Canon's A-series cameras have a long tradition of providing solid performance and impressive but not over-the-top feature sets at a reasonable price. In the past, that has often come with a slightly utilitarian design, but Canon's newest addition, the PowerShot A710 IS, looks practically classy, with its gently curved top; shiny, silver-plastic accents; and curved, dark-plastic section on its grip. Add to that the fact that it has a 6X optical, 35mm to 210mm (35mm equivalent), an f/2.8-to-f/4.8 zoom lens with optical image stabilization, a 7.1-megapixel CCD sensor, and a bunch of manual controls, and you've got one heck of a nice feature set for a camera in its price class.
Fans of the A series will note that the camera's grip isn't as large as some of the others' in the line, mostly because the A710 IS is powered by two AA batteries instead of four. This makes for a more pocketable design, and Canon still rates battery life at 360 images with NiMH batteries and 100 with alkalines. With a good pair of AA rechargeables, you should be able to use the camera for a weekend without running out of juice. Despite the smaller grip, the camera is still very one-hand-shooting friendly with all camera controls in easy reach of your right hand's fingers and thumb. Our only design criticism is the location of the SD card slot. As in a lot of cameras, it's tucked next to the batteries, which means that you'll have to be careful not to let the batteries fall out when switching cards. At least the spring-loaded slot pushes the card far up, so it's easy to remove.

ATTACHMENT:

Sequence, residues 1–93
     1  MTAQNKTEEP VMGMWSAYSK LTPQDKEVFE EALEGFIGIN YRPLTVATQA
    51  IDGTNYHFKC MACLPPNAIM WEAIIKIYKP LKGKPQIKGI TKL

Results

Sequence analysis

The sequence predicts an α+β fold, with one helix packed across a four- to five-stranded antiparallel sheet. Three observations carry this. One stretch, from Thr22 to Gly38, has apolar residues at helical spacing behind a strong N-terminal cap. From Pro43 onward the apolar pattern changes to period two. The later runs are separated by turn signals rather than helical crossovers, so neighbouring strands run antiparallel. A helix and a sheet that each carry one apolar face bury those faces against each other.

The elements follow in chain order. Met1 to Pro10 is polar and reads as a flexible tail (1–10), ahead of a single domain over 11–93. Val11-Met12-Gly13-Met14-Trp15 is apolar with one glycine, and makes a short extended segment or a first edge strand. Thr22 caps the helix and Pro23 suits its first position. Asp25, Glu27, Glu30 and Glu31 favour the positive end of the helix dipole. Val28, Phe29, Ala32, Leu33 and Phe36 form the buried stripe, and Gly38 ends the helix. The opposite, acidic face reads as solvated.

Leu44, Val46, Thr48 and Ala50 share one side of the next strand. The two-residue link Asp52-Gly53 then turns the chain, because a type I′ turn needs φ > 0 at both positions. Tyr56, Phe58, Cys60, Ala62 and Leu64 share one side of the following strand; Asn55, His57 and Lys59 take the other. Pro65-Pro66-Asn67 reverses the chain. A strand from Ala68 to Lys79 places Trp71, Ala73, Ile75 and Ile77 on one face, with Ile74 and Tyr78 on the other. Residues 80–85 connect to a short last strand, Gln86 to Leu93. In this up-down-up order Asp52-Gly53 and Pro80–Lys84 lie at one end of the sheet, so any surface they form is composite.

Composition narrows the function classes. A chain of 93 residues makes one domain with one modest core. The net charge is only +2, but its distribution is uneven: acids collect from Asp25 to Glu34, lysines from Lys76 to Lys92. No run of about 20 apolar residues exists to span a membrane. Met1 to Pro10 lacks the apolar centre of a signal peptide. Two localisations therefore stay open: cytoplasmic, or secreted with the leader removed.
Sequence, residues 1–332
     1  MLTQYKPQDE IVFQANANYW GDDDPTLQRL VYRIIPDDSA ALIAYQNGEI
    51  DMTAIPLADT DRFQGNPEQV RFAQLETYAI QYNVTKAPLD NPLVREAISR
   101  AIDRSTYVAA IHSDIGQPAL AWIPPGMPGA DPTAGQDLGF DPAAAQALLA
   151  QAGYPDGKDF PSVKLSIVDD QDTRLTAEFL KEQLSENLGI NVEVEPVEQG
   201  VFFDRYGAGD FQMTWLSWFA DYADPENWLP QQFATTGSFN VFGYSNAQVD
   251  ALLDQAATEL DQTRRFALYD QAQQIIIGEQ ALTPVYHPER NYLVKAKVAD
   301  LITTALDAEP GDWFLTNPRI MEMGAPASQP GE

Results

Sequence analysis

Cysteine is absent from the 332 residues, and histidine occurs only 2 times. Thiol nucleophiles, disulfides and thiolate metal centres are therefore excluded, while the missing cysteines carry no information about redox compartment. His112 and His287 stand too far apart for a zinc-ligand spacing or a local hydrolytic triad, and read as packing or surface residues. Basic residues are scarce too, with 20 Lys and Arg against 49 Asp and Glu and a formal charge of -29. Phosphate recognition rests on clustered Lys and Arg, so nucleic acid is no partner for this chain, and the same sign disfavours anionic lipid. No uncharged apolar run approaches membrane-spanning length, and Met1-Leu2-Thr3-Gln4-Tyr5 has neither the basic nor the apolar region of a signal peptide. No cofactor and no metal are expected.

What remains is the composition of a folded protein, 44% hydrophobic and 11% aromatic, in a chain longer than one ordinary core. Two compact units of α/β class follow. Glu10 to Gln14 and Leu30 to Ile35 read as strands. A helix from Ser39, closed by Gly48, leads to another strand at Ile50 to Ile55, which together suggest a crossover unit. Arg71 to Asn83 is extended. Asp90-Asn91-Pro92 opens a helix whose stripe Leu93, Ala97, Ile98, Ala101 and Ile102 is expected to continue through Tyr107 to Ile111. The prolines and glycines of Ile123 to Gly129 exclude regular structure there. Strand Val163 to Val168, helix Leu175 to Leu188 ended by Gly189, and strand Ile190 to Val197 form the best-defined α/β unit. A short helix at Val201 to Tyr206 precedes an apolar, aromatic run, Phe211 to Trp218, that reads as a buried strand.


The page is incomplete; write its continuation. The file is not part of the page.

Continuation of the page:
Features are similar to those of the PowerShot A700, another camera in Canon's line. Standouts include controls for manual exposure and aperture and shutter priority, as well as flash compensation, which lets you roll back flash output power, and second-curtain flash, which fires the flash as the shutter closes so that moving objects don't end up with trails in front of them when you're using the flash. This happens a lot when shooting cars at night; with second-curtain flash, the headlights end up with slight trails behind them instead of looking like laser beams. Of course, if you like the laser look, you can also choose first-curtain (a.k.a. normal) flash, which is the default.
As you might expect, there are also many choices for tweaking your pictures, including 11 color modes, one of which lets you create your own by setting contrast; saturation; sharpness; red, green, and blue levels; and skin tone brightness. You can also use Color Accent mode to turn all but a selected color to black and white--perfect for making cutesy pictures of flowers in which only the petals are in color. Along similar lines, Color Swap lets you trade one color for another.